Daily Archives: October 20, 2011

Sustainability Program Manager, GreenerU

Boston area-based GreenerU seeks a sustainability program manager to oversee implementation of sustainability programs at colleges and universities. The position will lead in the planning and delivery of operational developments and community engagement in campus sustainability initiatives. The ideal candidate will come from an interdisciplinary educational background and have proven work experience that is directly relevant to sustainability program implementation in the university setting.

Community Carbon Fund Project Coordinator, Yale University

Yale University (CT) seeks a part-time community carbon fund project coordinator responsible for managing, implementing, developing and promoting the Yale Community Carbon Fund in its third year. During this time, the Carbon Fund will install insulation in local households and solar thermal panels on local nonprofit organizations, tracking the offsets created from these initiatives. The coordinator will foster collaborative working relationships with local municipal and nonprofit organizations to achieve programmatic goals. Successful candidates will have a bachelor’s degree and three years of experience in community involvement.

Tufts Bikes Ride into Boston!

Join Tufts Bikes this Saturday, October 22 on a ride into Boston to watch the Head of the Charles Regatta and explore Harvard Square!

They will be leaving from Tisch at 12:30, so if you are going to be renting a bike come a little early. They will then be biking to the Anderson Memorial Bridge and arrive there around 1. You can then explore or watch the regatta for as long as you like. We plan on returning to Tufts at 3. This is a great way to learn how to bike in the city too!

RSVP to the event on Facebook at: https://www.facebook.com/event.php?eid=299573216722993

Hope to see you there!

With Tufts Alumna at Helm, The Boston Tree Party Branches Out. Get Involved!

Friedman School students revel in the apple tree they planted on the Boston campus.

With a September article in America’s second-most-popular newspaper, the Boston Tree Party has sprung from sapling to force of nature, with its founder, Tufts alumna Lisa Gross, doing her best Johnny Appleseed.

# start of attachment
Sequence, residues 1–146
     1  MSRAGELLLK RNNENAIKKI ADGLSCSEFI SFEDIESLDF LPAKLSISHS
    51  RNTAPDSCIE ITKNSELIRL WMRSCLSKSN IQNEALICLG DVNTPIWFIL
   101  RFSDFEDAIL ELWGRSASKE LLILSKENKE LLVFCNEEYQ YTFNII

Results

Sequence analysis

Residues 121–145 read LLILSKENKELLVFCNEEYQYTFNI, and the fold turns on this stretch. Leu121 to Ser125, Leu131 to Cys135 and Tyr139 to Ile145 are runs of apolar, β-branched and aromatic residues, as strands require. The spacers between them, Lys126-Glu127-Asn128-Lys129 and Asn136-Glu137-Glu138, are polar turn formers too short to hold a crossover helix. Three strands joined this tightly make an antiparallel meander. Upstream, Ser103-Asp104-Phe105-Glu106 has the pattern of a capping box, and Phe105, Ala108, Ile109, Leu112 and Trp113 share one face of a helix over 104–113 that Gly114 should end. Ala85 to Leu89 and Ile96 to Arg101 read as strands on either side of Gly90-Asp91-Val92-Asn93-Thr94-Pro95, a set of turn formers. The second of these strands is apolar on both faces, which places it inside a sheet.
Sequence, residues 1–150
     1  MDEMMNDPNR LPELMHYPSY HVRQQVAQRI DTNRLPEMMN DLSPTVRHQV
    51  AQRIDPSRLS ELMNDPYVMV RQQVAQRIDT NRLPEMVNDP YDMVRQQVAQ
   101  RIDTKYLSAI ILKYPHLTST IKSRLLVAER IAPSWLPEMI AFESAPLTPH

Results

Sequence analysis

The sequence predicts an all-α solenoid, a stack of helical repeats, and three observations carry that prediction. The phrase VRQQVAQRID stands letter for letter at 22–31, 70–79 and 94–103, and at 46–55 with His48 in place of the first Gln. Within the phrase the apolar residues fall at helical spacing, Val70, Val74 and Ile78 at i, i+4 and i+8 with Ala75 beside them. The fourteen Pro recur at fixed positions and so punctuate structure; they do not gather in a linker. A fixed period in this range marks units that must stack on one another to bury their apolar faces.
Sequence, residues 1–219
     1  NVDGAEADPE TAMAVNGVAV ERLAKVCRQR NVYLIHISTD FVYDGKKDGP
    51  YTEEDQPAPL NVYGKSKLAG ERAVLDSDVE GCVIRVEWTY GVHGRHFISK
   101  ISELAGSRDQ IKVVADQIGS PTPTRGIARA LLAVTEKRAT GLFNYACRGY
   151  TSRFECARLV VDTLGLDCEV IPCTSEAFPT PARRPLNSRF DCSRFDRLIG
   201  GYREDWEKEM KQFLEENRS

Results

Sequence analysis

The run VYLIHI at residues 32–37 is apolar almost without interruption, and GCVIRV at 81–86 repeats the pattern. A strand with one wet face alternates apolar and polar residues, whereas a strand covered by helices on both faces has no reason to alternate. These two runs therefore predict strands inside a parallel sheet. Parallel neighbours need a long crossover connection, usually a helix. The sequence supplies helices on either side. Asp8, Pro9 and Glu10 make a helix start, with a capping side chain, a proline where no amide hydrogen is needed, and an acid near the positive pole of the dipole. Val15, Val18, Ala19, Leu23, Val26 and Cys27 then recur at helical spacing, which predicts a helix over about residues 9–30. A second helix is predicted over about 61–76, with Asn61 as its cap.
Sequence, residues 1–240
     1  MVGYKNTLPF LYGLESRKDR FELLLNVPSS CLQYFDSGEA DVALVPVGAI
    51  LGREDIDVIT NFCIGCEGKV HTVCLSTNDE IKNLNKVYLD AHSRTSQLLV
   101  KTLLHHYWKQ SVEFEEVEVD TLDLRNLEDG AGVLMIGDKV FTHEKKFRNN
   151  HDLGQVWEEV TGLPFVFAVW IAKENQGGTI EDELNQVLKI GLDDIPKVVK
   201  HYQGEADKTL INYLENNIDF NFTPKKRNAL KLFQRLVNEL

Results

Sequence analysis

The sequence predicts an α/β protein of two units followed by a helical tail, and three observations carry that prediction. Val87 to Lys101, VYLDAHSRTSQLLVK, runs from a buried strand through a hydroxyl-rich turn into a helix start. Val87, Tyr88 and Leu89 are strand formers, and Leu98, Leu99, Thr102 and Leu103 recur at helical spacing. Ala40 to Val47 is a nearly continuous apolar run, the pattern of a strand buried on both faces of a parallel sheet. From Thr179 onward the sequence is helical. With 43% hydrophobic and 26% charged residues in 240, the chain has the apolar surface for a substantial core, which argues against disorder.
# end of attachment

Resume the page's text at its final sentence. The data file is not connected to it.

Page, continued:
“In the 19th century, there were about 16,000 varieties [of apples], and today, the commercial market is dominated by only about 10,” Gross told USA Today. “That represents such a loss. Not only a homogenization of flavor but of culture and experience.”

Although the Tree Party has been planting pairs of heirloom apple trees for only six months, about 50 coalitions and organizations have already combined to plant 35 pairs, said Gross, who has an MFA from Tufts and the School of the Museum of Fine Arts.

“Though we would love to plant as many trees as possible, we’re focusing on people and how to engage different and diverse communities,” Gross told the Office of Sustainability in an interview. “What we’re really interested in doing is inspiring the communities to take care of the trees and come together as a united community.”

The organization Gross planted aims to improve access to good food, fight erosion, and provide habitat for birds and bees, among other objectives.

Tufts students can link up with one of the two campus groups that have planted trees. One is a group of undergrads that set down roots on the Medford campus (if you’re coming out of the Tisch Library, the pair of trees is to the right on the hillside). The other are grad students at the Friedman School of Nutrition Science and Policy in Boston.